Venus & Mars: Virtual Love, Real Satisfaction
Katrin Figge & Tasa Nugraza Barley
A couple of weeks ago, we ran a story in this newspaper about the growing popularity of the Facebook game Sims Social, where a player can create an avatar, a virtual version of oneself that lives in a nice house with a large garden. The avatar can have all the hobbies you wish you had in real life, like painting, playing the violin and writing, and also has human needs like going to the bathroom, taking a shower, eating and sleeping.
I’d never heard of the game, but for the sake of social reporting decided to investigate. I now must shamefully admit that I was instantly hooked.
I always laughed when people complained that their partners were obsessed with video games and spent most of their time in the virtual world, as opposed to with them.
But now I understand just how easy it can be to become addicted to a video game. My Sims avatar is quite demanding, and needs to be fed and entertained. She also has to see her friends (neighbors, in this case) on a daily basis, otherwise she feels like an outsider and gets bored. And I’m also dating someone … in the virtual world, that is.
Never mind that this somebody is actually a girl in the real world and has a male avatar, but it’s still quite amusing to pretend to be in a relationship. My avatar can go over to her boyfriend’s house where they can hang out, cuddle on the couch, giggle and hug and kiss. What’s more, our two avatars can even have sex in the virtual world (here, however, it is called “woohoo”), which instantly improves their moods.
They can even have a fight and insult each other — just like in real life — and later apologize and have some makeup woohoo.
Of course, as silly as all this may sound, single people might find some sort of satisfaction in the fact that, at least in the online world, they can maintain a healthy relationship, with all of its ups and downs.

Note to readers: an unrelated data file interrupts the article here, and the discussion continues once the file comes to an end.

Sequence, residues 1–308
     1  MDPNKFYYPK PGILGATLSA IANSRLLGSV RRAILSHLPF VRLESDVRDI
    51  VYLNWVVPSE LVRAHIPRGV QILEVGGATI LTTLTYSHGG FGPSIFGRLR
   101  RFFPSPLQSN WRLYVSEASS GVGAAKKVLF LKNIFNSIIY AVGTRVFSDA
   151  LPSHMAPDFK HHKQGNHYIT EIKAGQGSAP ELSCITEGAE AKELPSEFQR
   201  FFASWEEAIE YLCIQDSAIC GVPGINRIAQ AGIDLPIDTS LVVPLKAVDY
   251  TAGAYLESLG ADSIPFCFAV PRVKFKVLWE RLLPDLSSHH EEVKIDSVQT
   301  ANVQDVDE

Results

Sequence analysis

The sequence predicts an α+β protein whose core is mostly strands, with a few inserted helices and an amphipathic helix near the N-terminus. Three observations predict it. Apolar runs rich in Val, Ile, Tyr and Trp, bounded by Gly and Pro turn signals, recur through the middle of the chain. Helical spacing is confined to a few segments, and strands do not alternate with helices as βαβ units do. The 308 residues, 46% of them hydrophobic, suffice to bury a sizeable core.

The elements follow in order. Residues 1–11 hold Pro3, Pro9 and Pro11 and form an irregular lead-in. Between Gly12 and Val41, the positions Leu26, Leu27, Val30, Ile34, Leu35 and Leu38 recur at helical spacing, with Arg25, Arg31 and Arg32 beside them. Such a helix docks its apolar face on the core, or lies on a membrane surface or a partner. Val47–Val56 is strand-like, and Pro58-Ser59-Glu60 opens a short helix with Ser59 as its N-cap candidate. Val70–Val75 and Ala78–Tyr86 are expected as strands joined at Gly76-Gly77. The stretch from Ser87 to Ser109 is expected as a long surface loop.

I see this all as an amusing pastime. After that initial rush, now when I have nothing else to do and am sitting in front of the computer anyway, I open the game and spend a little time in the Sims world.
I don’t think this kind of relaxed approach to the game is problematic. But if I start to spend more time maintaining my avatar than myself, I’d have to say that something’s definitely wrong.
Perhaps, if I had a flesh-and-blood boyfriend, I wouldn’t need my avatar. As long as I remain single, though, I will happily continue a virtual relationship without feeling too crazy.
Katrin Figge is deputy features editor at the Jakarta Globe.
A decade ago, you wouldn’t have thought that people could meet their future husbands or wives on the Internet. You would have considered such a thing dangerous, or even a little crazy.
But now we’re seeing how the Internet has dramatically changed our romantic lives, with social networking playing an important role in this. Finding a boyfriend or a girlfriend online, and maybe eventually marrying them, has become commonplace.
“Oh, we met on Facebook,” one of my friends said of his wife, adding that it started with a simple exchange of names and chatting about hobbies and interests. After a few weeks of intensive communication on the Internet, the two decided to meet up in person. “We realized that we were meant for each other,” my friend said.
But the Internet has changed more than the dating lives of young people.
A decade ago, I couldn’t imagine my mother spending hours on the computer, but that has also changed. My mother is busy uploading photos to her Facebook account every night. And while doing this, she finds out what her old friends are doing, and comments on their photos.
My mother, who for the longest time refused to get a mobile phone, is now addicted to the Internet, which is a good thing for all us because it keeps her from complaining to her kids.
But it means I have to be extra cautious before posting a new Facebook update or uploading photos.
Checking out the latest information on Twitter or seeing what friends are doing on Facebook is all fine, but I don’t understand how so many people can spend hours on the Internet playing silly games. I mean, if you want to play video games, buy an Xbox 360 or a PlayStation 3.
It seems that virtual insanity has infected everybody in Jakarta. When young minds gather, the first sentence is still, “Hey! How are you doing?” But as they sit down, the next thing they do is check their Twitter accounts on their smartphones.
After 30 minutes of boring conversation, one of them takes out a laptop or an iPad from his or her bag. “Have you seen this funny video on YouTube?”
I predict that within 10 years, the Internet will have an even bigger role in our lives; ordering food, for example, will only be a few clicks away. And more people will find their partners on the Internet, and will probably be more comfortable meeting online than in a conventional manner. On the plus side, there will be no need for frustrating blind dates.
Tasa Nugraza Barley is a features reporter at the Jakarta Globe.